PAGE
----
Is swearing funny?
I find good swearing funny, although I think I find Christians getting angry at comedians who swear funnier still. The word that makes me laugh is ‘profanity’.
Swearing is absolutely funniest when a person you don’t expect to swear, suddenly does. My favourite example was the time my non-sweary mother was in a sewing collective making souvenir cloth bags for a gallery guiding conference the NGV was hosting in Melbourne. She was showing Tamsin and me the individually designed, handcrafted range when she suddenly offered us one. ‘You can have this if you like. We can’t give it to the visitors. Not with “Nobody fucks like me” written across it.’
Comedian Dave O’Neil thinks swearing has its place. “Swearing can make something funnier. It’s to do with attitude. It gives you the position as the comedian and it’s a bit rebellious or something. Especially in footy clubs when you call guys ‘fuckheads’.
I ask O’Neil for an example of a joke he thinks is enhanced by swearing. ‘I tell one that goes: “Women don’t get enough credit for childbirth. If blokes had babies, you wouldn’t hear the fucking end of it.” I think that works better with the swearing in it. It just enhances it somehow.’
In terms of which words to use, O’Neil says there are a few that just sound right. ‘I don’t like the c word much. It’s too harsh or something. But ‘fuckhead’ is funny. ‘Dickhead’ is funny. ‘Fuckwit’ and ‘Cockhead’ – both funny.’
O’Neil works the corporate comedy scene, and often has to work clean. ‘I don’t mind not swearing. In front of some audiences I prefer not to swear. With oldies I don’t like to swear. I find it weird. It’s like you’re being disrespectful. I’ve even done gigs where people come up to me after and say, “You were good and you know why you were good? You don’t swear”.’
For novelists, like comedians, it is hard not to swear. Both Tam and Mum think my characters swear too much, and final edits for both my novels have been an excercise in de-effing. But as an author, it’s a balancing act between unsettling the reader and being true to the character. Players was set in footy clubs and commercial television – both arenas where swearing is almost an occupational prerequisite. By far my sweariest character was network owner Sir Barry Haynes, who was based on Kerry Packer as depicted in books like Paul Barry’s The Rise and Rise of Kerry Packer and Gideon Haigh’s The Cricket War. In this scene, Haynes is distractedly rewarding the loyalty of a network cameraman by agreeing to fund his butterfly documentary. Without the fistful of fuckens, Haynes loses his blokey menace.
The sweariest character in Making News is Anton Giles, the UK tabloid editor loosely based around Piers Morgan. This time, I imagined a hailstorm of plum-in-the-mouth invective, like in this scene where he greets The Globe’s new weekend trainees, including my celebrity footballer’s son, Lucas Dekker. It’s one of my favourite chapters. It’s not one of Mum’s.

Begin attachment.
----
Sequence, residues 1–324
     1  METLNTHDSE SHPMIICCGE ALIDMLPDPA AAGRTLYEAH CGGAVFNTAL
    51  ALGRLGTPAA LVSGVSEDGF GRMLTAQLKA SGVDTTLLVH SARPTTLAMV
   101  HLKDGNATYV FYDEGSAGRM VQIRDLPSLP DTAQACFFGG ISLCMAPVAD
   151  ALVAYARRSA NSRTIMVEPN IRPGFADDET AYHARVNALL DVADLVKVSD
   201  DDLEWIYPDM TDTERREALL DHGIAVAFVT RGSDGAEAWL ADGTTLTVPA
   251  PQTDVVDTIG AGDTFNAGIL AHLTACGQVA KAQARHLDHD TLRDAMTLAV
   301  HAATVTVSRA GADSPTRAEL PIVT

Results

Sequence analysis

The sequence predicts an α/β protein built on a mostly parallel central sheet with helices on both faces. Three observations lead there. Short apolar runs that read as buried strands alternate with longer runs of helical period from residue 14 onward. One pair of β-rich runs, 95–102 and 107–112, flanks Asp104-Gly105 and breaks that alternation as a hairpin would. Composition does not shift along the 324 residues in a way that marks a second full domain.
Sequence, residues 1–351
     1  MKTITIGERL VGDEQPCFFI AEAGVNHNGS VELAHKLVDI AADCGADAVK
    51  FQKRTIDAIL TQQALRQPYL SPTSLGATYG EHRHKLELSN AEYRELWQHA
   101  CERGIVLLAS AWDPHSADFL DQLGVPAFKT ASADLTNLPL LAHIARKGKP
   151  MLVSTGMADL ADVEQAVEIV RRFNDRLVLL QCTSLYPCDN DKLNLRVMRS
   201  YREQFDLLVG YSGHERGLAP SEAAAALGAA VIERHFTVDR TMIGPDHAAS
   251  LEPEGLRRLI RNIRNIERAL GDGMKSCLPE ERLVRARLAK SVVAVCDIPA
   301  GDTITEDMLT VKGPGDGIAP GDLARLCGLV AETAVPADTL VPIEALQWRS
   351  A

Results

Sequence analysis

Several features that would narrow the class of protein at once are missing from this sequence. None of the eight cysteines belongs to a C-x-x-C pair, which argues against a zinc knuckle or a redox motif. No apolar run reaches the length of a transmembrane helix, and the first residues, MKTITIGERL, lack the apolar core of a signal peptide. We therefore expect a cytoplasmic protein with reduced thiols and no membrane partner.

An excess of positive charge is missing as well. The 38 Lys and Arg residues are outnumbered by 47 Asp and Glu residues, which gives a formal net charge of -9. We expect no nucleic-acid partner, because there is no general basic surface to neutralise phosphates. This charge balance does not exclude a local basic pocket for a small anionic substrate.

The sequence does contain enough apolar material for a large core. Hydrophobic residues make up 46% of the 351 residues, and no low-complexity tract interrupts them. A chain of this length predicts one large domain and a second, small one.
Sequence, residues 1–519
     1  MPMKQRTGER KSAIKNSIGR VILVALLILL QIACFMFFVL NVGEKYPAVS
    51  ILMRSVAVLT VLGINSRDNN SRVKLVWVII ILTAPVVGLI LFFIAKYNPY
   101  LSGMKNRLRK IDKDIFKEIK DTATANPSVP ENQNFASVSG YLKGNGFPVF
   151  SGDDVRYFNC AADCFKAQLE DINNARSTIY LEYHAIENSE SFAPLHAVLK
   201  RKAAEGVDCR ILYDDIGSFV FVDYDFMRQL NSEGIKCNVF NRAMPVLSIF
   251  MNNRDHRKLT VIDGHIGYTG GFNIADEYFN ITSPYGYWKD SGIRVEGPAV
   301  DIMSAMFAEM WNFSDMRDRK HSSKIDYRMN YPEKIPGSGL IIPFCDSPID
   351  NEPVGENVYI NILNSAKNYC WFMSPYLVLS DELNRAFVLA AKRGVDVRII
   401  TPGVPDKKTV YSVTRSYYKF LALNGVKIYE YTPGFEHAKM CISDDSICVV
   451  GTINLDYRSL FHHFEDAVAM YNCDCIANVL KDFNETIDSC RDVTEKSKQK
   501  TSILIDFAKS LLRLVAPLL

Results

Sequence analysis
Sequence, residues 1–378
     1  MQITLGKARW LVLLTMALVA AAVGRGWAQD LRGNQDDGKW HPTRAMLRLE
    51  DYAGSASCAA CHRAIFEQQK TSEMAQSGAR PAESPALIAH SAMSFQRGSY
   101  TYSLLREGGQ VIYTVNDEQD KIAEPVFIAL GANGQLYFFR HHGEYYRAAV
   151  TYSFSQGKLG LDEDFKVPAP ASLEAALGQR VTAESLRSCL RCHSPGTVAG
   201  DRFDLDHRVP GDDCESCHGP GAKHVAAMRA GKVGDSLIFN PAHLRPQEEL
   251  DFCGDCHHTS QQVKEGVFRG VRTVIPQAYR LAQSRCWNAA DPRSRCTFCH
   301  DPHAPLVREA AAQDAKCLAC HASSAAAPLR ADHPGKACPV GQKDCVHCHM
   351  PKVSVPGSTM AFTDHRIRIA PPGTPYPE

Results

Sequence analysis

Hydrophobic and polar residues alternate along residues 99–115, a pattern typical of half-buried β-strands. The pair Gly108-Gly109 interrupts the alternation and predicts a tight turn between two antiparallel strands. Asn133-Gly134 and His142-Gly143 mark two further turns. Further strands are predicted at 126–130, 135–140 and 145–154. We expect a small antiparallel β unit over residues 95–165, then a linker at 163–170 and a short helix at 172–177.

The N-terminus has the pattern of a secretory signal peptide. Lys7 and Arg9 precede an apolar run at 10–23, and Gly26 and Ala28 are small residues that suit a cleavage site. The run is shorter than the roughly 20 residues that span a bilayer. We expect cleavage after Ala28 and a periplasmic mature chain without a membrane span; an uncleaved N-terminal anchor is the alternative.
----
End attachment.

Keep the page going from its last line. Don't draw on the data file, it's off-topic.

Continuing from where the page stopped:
The anti-swearing people can be quite zealous about it. Novelist Max Barry received some very tangible feedback on the subject after the publication of Jennifer Government. ‘I got a letter from a guy enclosing a copy of The Ten Commandments which said my books would be “even better if I didn’t take the lord’s name in vain”.’ Barry has kept swearing in his novels, ‘although maybe not as much in Machine Man‘. He explains the necessity: ‘If you’ve got an action sequence, or two characters fighting for their lives, it’s hard to imagine the situation where those characters wouldn’t swear. It just works as an intensifier.’
But Barry says he also has a soft spot for swearing that’s not ‘life or death’. ‘My favourite kind of swearing in fiction is when it’s not required — when it’s used for no reason. Like when two people are talking, and they know each other really well, and one character just swears, because that’s the way people actually talk to each other. That swearing is often funny. I love that sort of swearing.’
But what I love is scientists swearing. If you haven’t seen this 2008 lecture by Steven Pinker of Harvard University about what happens in our brains when we use or hear offensive language, then, to quote Bono, ‘this is really really fucking brilliant’.
And in Part II, Dr Pinker attempts to revive the 1585 expression, ‘Kiss the cunt of a cow’:
Swearing is funny. The audience tittering in the background as a very educated man talks to them about ‘fuck patois’ is surely proof of that.
If you need any further evidence, watch this final video. After you’ve watched it, you’ll say to yourself, ‘Oh, I get it. That’s why he wrote this whole thing —what a dickwad.’
And then you’ll call DHS.
PS In terms of parental defence, we don’t resort to ‘fuck patois’ that often in our house. On one occasion, however, Tam did engage in a spot of what Dr Pinker might have called ‘rage circuit theory’ and Jack pissed himself. Hence our experiment. Hence our entry to ‘Australia’s Funniest Home Videos (Underbelly Edition)’.